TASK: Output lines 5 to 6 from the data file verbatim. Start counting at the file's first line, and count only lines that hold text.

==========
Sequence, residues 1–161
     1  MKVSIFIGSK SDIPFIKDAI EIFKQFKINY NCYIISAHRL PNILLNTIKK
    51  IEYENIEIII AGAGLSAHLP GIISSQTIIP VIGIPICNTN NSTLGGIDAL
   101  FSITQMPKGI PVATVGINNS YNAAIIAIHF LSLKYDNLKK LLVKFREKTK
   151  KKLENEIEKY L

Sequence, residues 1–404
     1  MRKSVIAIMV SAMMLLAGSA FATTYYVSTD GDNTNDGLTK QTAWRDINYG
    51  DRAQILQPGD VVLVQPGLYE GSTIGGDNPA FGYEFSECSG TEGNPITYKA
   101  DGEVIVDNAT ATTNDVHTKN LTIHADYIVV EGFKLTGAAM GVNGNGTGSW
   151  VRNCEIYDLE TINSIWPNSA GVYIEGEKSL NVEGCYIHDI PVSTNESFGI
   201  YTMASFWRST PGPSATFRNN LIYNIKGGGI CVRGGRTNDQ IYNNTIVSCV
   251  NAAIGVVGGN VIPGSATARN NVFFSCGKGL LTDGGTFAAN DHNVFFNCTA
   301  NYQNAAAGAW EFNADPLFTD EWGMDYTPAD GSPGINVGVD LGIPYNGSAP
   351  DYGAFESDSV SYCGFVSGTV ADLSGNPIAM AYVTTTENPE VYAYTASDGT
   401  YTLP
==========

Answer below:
   151  KKLENEIEKY L

Sequence, residues 1–404